Which people have you met, who struck you most ?

A difficult choice indeed!… but we both loved to share the lives of the inhabitants in Stagones (a small “eco-community” in Greece). They did think a great deal about how to live together and above all put it into practice, taking the time to discuss, to listen to each other and to be open to the outside world. We would like to manage to live as simply and peacefully, and maybe set something like them a place where people can live together!

At the same time, while discovering all sorts of buildings, we are struck by the lives those we come across are living. Although they live in different countries, they embody the same values of collective life, respecting nature, sharing knowledge and know-how, generosity… Beyond the criticism of capitalism, they are building individual and collective projects which stand evidence that other options are possible. What we intend to put forward in our film is this more global dimension.

And then, there is something which does not stand out in our articles and is not captured in our film, but is nevertheless very important, i.e. all those very nice people we meet in between two building experiences when we stop over at total strangers’ (especially through the coach surfing network) who welcome us as if we were members of their families. For instance at an activist, very full of energy in Greece; at a sixty-year old squatter in Italy; at a rich couple’s in Turkey; at a Kurd’s living in Turkey; at a young Iranian couple’s; at a wealthy old people’s home manager’s and restaurant manager’s in India; at a sixty year old German adventurer’s in Thailand…

Can you tell us something about your project to shoot a documentary ? I can imagine that you already have a great deal of material !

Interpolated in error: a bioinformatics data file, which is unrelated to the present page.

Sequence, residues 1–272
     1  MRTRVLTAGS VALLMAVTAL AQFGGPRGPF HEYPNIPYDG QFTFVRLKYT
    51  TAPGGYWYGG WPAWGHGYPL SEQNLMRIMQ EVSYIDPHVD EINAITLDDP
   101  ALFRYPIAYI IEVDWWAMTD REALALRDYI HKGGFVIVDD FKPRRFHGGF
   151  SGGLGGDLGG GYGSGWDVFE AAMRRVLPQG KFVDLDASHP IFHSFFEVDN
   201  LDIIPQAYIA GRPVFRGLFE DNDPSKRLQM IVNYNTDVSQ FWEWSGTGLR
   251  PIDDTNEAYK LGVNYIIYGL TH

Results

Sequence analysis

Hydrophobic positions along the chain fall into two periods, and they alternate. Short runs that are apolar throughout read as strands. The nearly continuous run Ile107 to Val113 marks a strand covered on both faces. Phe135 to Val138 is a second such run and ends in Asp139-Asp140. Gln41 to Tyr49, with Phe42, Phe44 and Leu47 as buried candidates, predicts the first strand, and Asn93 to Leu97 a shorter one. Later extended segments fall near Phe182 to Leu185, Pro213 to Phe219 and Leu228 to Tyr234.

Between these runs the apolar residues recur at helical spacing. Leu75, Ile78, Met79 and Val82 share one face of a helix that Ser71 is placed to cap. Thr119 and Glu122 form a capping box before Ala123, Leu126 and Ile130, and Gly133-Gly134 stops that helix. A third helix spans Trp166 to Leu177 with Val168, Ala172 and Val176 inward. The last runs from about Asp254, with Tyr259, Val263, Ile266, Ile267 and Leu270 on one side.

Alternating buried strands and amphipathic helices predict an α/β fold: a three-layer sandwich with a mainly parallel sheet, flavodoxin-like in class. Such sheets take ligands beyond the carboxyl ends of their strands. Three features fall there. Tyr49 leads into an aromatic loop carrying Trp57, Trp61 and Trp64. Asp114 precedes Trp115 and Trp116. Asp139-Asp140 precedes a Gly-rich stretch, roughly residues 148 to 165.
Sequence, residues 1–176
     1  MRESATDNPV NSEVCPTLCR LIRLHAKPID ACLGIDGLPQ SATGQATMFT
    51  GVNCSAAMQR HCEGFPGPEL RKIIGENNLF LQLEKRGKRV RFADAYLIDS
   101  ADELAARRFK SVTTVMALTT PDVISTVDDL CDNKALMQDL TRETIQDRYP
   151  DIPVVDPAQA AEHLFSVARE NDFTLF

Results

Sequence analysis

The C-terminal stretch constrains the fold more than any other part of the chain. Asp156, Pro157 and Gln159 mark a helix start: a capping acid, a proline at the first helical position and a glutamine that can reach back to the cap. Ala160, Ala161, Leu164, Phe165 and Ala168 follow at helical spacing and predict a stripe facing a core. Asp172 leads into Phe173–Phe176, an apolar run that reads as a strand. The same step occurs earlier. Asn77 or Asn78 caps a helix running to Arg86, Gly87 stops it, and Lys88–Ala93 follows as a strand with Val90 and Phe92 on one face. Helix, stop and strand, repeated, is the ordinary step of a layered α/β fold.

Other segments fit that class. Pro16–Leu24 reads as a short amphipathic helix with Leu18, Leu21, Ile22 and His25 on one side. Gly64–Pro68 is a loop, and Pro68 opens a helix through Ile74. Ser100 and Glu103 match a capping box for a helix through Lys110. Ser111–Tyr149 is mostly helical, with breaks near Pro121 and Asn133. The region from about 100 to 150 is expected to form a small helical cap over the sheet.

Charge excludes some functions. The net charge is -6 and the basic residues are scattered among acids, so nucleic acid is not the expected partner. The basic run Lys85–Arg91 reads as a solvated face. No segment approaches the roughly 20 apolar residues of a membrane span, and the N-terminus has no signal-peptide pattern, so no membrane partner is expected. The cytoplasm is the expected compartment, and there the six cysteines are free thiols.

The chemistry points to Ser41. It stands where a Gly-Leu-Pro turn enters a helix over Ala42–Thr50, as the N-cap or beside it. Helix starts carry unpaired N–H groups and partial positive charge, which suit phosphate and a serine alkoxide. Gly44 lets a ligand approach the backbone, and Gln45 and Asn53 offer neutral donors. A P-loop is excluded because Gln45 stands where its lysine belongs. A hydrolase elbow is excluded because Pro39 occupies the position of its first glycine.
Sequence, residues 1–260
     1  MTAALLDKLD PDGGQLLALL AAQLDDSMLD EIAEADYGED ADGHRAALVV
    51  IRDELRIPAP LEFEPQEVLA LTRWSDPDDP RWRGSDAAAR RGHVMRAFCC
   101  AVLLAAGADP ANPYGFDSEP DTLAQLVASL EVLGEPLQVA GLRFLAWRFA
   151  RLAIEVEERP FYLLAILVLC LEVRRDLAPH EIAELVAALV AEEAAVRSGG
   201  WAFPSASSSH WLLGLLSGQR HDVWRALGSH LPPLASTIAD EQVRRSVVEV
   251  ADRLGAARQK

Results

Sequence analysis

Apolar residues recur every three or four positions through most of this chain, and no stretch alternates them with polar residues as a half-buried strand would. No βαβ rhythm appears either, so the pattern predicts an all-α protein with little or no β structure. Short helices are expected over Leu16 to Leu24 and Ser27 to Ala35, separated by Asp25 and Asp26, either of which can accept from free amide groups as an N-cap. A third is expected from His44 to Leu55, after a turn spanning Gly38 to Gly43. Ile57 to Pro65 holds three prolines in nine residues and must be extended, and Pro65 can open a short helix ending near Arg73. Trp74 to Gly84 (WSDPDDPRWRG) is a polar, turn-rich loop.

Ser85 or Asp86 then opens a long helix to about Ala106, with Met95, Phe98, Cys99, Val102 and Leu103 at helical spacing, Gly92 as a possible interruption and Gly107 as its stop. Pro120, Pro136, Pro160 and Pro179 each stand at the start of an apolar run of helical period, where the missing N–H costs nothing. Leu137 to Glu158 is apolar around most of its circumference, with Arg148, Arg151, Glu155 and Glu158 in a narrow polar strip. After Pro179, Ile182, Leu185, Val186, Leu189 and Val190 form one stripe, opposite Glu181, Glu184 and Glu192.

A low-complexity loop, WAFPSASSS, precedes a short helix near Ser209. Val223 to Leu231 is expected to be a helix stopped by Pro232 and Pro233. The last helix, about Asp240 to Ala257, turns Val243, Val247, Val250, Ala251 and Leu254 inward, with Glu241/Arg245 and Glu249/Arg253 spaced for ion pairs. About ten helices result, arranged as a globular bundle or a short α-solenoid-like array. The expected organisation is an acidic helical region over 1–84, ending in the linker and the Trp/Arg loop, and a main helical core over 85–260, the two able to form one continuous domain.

We are working on it ! We have already filmed some fifteen projects led by self-builders, architects, engineers and even an artist. We already have some forty rushes hours (rough material).

As we are filming, we are perfecting the narration and the structure of the web-documentary. It seems that we are going to choose an arborescence per building materials (straw, earthbags, earth, bamboos, earthships…) which will involve the testimonials of the various protagonists. The sequences will come with several bonuses: tutorials will explain the building techniques and give builders’ portraits. We are also thinking about a 52’ or 1hour30 version, which may be shown in the cinema or on television…

Have you also had nasty surprises ?

The only actual difficulty we have been faced with is that we could not get our visas for India from Iran. Unfortunately we had to shorten out stay there and go back to Turkey to get this precious paper.

Apart from that, we have never had any nasty surprises: no health issues, no technical problems, nothing got stolen … oh, I forgot; In Turkey a dog managed to run away with one of Chloe’s tracking shoes !